Riley Elementary School fifth-graders prepared for their graduation, waiting to hear which one would win.
Three years after the death of Riley student Cameron Langenfeld, the annual award given in his name still touches students as they reach the age at which he died.
Langenfeld, 11, was hit and killed by an automobile while riding his bicycle in 2007.
Kathy Deal, a principal intern at the elementary school, said Langenfeld is remembered as a “giver.”
“He brightened a lot of people’s lives,” she said, explaining that the award, now in its third year, has become part of the community.
Pam Bird, Langenfeld’s mother and a former teacher at Riley, said her son was a typical 11-year-old boy, but one who always wanted to help out. “You don’t do the right things for the recognition, for the pat on the back. You do it because it’s the right thing to do,” she said, explaining that the award is given to the student who most exemplifies that quality.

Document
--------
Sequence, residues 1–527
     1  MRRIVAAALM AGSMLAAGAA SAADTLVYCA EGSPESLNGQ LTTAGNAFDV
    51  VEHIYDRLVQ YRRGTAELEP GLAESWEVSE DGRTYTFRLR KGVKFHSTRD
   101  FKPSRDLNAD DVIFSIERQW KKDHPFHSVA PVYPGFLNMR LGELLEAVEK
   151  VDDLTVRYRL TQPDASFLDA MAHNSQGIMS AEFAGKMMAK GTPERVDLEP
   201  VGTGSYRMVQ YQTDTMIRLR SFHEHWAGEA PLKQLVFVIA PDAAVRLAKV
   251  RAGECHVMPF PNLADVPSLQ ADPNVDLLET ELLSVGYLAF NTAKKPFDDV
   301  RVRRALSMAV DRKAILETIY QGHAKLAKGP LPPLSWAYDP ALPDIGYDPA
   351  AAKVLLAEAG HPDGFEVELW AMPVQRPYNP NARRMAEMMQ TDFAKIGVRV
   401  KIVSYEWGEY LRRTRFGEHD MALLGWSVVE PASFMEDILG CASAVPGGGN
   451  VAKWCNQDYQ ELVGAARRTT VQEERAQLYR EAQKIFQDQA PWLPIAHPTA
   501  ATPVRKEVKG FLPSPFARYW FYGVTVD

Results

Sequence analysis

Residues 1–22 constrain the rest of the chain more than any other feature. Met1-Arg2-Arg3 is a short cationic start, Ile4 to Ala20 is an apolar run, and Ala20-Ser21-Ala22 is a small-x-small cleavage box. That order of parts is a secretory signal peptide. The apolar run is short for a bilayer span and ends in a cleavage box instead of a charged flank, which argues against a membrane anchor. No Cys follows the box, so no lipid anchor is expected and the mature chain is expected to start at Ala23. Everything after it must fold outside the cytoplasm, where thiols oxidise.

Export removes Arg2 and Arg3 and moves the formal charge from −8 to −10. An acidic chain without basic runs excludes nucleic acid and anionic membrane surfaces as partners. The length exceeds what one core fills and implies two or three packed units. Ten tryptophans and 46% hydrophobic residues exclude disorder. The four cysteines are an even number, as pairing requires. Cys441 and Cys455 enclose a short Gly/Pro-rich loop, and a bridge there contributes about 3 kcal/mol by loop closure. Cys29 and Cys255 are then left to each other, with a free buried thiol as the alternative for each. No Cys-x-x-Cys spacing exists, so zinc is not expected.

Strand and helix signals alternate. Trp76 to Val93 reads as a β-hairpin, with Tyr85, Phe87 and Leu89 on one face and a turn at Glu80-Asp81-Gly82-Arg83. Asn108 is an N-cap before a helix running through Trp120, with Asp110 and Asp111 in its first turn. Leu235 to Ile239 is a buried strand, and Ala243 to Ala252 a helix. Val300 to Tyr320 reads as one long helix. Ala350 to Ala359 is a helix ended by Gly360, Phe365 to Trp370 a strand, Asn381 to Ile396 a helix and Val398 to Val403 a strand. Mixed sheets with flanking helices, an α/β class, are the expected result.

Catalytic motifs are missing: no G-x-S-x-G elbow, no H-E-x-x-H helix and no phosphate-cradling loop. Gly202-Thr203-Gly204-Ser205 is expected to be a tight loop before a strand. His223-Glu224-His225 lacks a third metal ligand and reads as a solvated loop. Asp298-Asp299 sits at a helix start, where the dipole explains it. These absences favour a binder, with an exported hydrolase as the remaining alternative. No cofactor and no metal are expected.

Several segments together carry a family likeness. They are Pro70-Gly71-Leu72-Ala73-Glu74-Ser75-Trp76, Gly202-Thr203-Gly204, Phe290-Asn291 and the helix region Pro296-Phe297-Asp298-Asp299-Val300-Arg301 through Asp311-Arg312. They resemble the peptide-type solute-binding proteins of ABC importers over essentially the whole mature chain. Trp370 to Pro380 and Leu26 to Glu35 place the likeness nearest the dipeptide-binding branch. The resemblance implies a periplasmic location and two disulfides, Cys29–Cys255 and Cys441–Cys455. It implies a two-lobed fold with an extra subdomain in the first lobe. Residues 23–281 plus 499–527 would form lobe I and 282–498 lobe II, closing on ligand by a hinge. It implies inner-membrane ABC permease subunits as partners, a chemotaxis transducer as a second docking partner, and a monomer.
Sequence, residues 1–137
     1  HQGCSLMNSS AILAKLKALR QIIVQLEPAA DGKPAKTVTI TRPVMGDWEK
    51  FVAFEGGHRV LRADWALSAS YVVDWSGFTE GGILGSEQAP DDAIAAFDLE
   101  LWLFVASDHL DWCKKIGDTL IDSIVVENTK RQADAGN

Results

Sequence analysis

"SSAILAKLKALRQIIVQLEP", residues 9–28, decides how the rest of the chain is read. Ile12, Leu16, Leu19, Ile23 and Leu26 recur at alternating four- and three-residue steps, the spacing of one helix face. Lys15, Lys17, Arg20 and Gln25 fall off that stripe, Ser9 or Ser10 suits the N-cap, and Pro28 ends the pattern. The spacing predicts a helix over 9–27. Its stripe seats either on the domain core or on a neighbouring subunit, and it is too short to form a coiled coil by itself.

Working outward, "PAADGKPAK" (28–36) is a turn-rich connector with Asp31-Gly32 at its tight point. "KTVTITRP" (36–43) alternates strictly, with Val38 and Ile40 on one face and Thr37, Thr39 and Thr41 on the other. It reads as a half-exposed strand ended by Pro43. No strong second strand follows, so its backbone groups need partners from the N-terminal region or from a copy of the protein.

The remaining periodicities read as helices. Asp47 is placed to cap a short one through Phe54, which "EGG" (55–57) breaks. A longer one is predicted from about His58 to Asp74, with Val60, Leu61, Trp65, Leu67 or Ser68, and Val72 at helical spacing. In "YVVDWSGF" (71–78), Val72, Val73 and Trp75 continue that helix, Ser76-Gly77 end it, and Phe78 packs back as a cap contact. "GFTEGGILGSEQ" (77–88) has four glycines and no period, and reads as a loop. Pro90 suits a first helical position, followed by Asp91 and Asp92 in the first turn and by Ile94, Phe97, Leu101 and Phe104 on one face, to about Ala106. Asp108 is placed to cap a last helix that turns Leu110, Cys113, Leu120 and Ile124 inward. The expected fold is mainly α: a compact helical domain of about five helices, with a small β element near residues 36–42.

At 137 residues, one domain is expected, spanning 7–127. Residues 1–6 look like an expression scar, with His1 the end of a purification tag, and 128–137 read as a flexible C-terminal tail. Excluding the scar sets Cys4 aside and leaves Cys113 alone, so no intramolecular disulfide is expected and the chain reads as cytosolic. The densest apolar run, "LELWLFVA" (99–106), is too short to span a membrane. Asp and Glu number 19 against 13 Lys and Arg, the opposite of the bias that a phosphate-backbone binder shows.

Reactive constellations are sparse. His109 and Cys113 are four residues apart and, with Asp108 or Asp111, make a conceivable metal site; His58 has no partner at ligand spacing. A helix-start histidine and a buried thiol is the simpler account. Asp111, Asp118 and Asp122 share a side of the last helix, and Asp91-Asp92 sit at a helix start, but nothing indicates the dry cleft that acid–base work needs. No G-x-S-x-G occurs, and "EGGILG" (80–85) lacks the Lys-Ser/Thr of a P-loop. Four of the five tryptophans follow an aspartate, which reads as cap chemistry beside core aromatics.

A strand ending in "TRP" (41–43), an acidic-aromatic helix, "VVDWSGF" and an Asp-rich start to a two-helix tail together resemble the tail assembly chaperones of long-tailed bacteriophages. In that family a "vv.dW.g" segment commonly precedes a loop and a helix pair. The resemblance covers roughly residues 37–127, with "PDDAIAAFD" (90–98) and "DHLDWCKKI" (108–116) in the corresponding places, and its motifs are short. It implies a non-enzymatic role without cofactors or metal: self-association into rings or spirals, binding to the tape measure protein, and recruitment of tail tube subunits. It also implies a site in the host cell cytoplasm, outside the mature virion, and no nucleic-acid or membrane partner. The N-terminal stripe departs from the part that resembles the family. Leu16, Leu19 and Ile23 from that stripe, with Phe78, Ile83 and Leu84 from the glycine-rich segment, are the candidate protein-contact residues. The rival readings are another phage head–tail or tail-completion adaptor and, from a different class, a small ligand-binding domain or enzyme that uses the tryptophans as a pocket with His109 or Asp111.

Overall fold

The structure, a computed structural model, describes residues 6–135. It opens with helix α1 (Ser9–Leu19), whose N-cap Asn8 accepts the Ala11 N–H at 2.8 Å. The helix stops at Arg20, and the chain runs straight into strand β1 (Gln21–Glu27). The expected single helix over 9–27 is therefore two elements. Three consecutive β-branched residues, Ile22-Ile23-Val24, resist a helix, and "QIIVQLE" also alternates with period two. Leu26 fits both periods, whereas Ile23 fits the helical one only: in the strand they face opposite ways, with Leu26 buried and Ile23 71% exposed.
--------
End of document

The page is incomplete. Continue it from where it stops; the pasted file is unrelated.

Recommendations emanate from throughout the school, and this year four nominees were offered up for the plaque, $50 savings bond and $25 Walmart gift card, presented by state Rep. Vern Tincher (D-Riley).
While holding the winner’s name, Bird explained that the two boys had in fact shared babysitters when they were babies, although she said they were too young to have remembered.
Dylan Price’s name was called as Tincher handed him the plaque, offering his own recollections of Langenfeld’s character.
Price, three years younger than Langenfeld, remembered him well from their days together at Riley. “He was a very nice person,” he said.
Brian Boyce can be reached at 812-231-4253 or email@example.com.